Rachel Whiteread’s sculpture is a great way of marking the Forestry Commission’s centenary – shame about the leaflet

As part of its centenary celebrations this year, the Forestry Commission has unveiled a sculpture by Rachel Whiteread in Dalby Forest. It’s a splendid piece of work, comprising a full-size cast of a Nissen Hut, which represents both a connection with the First World War, when Major Nissen first designed the eponymous hut, and with the work camp that operated on the site from 1933 to 1939.

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Whiteread’s hut sits deep in the Forest, three miles from the visitor centre, and it’s weathering in nicely. When we visited we combined the short pathway to the sculpture with a muddy walk along rutted tracks. It makes a nice addition to the rich walking tapestry of North Yorkshire, and it has rightly been celebrated on the BBC’s Countryfile.

Disappointingly, the accompanying information leaflet doesn’t match the standards of either the sculpture or the Forest, at least when it comes to the work camp, which it describes as offering “much-needed local employment and skills training”. In one short sentence, the leaflet glosses over the following:

  1. It wasn’t employment, and the trainees received unemployment benefit (after deductions to cover board and lodging);
  2. the Ministry of Labour was at pains to stress that its camps offered not skills training but an exposure to heavy manual labour;
  3. the men weren’t even local, but were recruited from high unemployment areas in Cleveland and South Yorkshire.

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Does this matter to anyone but the historian? I think so, because it misrepresents the fundamental purpose of the entire government work camp system. This was stated bluntly by John Passmore, director of training at the Ministry of Labour, to a reporter who was visiting Dalby – or Allerston as it was then known – while it was under construction, using trainees from the Bourne camp in Lincolnshire.

Passmore described the camp’s purpose as ‘reconditioning’ men who had gone soft through prolonged unemployment, so that they were physically capable of doing heavy work: “We understand that men who have had long periods of unemployment will be in poor condition physically, and it is our intention to recondition them. At first they will be placed on lighter types of work, which will be stiffened as the weeks pass. The heavier jobs will consist of road work in the forest” (Yorkshire News, 29 November 1933).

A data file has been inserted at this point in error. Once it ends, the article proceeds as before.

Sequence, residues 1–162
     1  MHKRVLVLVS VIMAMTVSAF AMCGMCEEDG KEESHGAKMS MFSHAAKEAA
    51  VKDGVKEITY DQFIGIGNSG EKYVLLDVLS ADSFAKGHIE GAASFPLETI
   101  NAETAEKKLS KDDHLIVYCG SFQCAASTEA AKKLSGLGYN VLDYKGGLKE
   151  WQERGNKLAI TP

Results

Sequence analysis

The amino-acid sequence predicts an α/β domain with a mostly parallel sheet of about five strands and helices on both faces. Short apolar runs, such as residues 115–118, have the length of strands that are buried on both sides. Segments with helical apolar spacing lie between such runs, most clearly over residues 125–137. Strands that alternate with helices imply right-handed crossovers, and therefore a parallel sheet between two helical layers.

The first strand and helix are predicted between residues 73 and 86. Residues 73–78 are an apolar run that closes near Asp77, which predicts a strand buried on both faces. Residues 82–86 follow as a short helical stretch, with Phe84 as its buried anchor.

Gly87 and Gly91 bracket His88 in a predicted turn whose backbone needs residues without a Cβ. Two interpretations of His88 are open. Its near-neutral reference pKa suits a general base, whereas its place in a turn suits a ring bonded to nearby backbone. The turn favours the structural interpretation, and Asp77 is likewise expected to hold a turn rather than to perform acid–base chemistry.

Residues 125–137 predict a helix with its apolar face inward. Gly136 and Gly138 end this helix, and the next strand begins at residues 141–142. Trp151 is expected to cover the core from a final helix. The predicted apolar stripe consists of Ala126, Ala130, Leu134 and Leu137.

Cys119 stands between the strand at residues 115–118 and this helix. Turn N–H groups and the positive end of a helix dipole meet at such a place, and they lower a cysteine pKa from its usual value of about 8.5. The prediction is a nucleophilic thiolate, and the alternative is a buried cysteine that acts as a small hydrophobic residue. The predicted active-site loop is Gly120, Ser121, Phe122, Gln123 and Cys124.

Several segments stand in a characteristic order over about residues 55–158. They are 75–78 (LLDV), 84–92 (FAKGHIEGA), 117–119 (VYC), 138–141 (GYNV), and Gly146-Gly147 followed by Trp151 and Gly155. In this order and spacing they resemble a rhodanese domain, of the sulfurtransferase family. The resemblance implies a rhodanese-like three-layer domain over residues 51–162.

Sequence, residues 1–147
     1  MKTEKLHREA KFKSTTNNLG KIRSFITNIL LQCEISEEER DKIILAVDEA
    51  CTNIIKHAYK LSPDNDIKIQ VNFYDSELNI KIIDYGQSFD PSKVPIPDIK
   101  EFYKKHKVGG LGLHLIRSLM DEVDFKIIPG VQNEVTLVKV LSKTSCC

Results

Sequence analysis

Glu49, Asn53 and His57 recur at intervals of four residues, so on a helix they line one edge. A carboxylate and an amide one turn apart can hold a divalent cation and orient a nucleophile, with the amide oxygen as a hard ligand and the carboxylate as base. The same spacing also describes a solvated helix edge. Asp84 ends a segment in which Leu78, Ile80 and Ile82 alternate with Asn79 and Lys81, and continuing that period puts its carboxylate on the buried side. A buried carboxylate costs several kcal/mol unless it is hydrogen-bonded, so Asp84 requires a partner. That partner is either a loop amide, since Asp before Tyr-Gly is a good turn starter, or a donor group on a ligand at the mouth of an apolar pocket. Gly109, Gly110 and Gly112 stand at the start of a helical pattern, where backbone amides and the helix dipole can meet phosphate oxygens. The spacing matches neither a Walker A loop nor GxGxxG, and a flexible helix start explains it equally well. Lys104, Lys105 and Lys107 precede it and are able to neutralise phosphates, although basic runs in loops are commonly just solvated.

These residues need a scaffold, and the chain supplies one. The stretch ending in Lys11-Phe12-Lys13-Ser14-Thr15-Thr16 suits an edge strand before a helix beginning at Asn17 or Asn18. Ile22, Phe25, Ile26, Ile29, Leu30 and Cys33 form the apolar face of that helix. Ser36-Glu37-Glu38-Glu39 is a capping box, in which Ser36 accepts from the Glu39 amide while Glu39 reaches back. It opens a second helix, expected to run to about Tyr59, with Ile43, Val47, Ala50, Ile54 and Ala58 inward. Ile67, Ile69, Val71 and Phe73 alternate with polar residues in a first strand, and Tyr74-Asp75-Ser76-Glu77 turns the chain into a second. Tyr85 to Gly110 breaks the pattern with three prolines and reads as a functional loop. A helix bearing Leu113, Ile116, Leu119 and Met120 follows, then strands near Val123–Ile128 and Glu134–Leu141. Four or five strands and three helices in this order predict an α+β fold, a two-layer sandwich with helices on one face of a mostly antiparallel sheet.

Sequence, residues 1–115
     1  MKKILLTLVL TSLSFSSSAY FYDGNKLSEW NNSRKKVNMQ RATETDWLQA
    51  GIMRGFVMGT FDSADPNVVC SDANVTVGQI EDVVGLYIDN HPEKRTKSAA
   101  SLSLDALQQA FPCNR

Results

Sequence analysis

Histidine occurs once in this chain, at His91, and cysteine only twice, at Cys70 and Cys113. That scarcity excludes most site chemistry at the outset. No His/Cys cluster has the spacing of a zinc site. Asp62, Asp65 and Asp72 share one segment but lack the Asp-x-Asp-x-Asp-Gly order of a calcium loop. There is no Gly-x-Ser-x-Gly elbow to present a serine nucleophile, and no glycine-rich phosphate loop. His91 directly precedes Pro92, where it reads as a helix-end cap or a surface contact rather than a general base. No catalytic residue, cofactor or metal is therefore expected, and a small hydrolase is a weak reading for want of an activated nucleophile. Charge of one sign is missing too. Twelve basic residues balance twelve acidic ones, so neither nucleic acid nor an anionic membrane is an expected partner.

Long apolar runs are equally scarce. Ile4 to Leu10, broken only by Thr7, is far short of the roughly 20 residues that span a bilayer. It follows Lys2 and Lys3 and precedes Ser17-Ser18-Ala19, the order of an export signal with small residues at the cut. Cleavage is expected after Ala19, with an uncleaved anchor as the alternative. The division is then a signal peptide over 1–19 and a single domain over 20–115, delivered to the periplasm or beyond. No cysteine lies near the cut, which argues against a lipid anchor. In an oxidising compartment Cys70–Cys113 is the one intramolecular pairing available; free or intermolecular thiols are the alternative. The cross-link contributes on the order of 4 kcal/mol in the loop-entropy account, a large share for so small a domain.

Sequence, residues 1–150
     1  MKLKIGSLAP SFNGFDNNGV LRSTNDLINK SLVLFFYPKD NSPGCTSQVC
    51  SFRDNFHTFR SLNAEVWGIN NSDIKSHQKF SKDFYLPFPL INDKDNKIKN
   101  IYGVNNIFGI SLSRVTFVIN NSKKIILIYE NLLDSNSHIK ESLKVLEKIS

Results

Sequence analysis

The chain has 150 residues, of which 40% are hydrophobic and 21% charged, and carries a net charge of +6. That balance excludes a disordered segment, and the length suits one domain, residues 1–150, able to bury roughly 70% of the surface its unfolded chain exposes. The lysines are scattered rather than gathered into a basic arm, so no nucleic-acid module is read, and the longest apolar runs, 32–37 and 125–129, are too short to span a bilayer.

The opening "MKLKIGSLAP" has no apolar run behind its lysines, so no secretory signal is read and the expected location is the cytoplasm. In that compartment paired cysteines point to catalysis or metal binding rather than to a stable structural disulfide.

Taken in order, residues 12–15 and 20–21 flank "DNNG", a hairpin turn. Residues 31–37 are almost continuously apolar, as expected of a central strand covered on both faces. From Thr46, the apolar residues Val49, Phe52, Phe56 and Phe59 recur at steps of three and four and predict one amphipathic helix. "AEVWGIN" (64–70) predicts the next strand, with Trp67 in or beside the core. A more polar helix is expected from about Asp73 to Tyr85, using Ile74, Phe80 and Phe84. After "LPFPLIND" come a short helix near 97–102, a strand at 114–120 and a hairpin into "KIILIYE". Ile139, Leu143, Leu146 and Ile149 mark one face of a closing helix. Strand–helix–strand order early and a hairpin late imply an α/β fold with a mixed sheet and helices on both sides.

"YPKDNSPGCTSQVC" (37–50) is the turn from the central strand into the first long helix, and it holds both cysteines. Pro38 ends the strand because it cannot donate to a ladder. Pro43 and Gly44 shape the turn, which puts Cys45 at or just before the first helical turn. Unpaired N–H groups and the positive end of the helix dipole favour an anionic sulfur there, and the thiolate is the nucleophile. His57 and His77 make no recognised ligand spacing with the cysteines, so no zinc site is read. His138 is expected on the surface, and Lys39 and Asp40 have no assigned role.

Plenty of people misrepresented the camps at the time. The Yorkshire News reporter sounds a right Pollyanna, writing “That they were happy was not to be doubted for a moment. The carefree singing and whistling of those who had already felt the benefit of this new job in a healthy atmosphere was indicative enough”. From the Marxist Left, Communists denounced the “slave camps” as echoes of Nazism.

Both were wrong, but the myths persist to this day. Still, don’t let it put you off visiting Dalby and hunting for Whiteread’s Nissen Hut. If a beautiful forest and a haunting sculpture aren’t enough for you, there’s also a wooden Gruffalo close by.

 

Film and the public historian – what does a historical adviser actually do?

I’ve just been listening to Dan Snow’s interview with Jacqueline Riding, author of a magnificent history of the Jacobites who now has a new book out on Peterloo. I’m an admirer of her work, which includes her roles of historical adviser to two much-loved Mike Leigh movies, Turner and Peterloo.

The red plaque on Manchester Free Trade Hall was itself the subject of controversy after it replaced a blue plaque that ignored the dead and injured.

Most of the interview covers the background to the 1819 massacre, but Snow also asked her what she actually did on the films (she has also blogged on this topic). As well as generally advising on what we can understand from the available evidence, she rummaged through the archives to provide accounts of who was in the audience that day and what preceded the public meeting, dug up copies of speeches, provided a timeline, read and commented on the ‘script’ (something more like notes in Leigh’s case) as it emerged, advised on casting, worked with the actors, and answered questions from the costume, props and scenery departments.